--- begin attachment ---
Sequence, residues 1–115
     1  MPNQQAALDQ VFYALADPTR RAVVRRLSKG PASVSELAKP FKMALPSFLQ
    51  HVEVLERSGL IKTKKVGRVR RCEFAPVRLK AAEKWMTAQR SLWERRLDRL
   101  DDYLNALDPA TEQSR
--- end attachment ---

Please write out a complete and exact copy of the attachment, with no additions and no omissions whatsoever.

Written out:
Sequence, residues 1–115
     1  MPNQQAALDQ VFYALADPTR RAVVRRLSKG PASVSELAKP FKMALPSFLQ
    51  HVEVLERSGL IKTKKVGRVR RCEFAPVRLK AAEKWMTAQR SLWERRLDRL
   101  DDYLNALDPA TEQSR